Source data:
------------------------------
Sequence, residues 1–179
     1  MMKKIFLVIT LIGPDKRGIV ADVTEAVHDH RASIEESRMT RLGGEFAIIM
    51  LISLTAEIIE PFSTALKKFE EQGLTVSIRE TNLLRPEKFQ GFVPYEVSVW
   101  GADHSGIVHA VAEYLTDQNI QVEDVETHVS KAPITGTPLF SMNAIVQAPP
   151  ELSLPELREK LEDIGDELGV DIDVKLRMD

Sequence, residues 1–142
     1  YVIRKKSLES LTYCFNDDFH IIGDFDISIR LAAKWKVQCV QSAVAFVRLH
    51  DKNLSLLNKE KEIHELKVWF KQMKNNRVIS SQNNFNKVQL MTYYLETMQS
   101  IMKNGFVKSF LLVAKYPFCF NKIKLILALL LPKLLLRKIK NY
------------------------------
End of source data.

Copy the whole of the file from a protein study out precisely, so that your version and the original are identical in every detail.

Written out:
Sequence, residues 1–179
     1  MMKKIFLVIT LIGPDKRGIV ADVTEAVHDH RASIEESRMT RLGGEFAIIM
    51  LISLTAEIIE PFSTALKKFE EQGLTVSIRE TNLLRPEKFQ GFVPYEVSVW
   101  GADHSGIVHA VAEYLTDQNI QVEDVETHVS KAPITGTPLF SMNAIVQAPP
   151  ELSLPELREK LEDIGDELGV DIDVKLRMD

Sequence, residues 1–142
     1  YVIRKKSLES LTYCFNDDFH IIGDFDISIR LAAKWKVQCV QSAVAFVRLH
    51  DKNLSLLNKE KEIHELKVWF KQMKNNRVIS SQNNFNKVQL MTYYLETMQS
   101  IMKNGFVKSF LLVAKYPFCF NKIKLILALL LPKLLLRKIK NY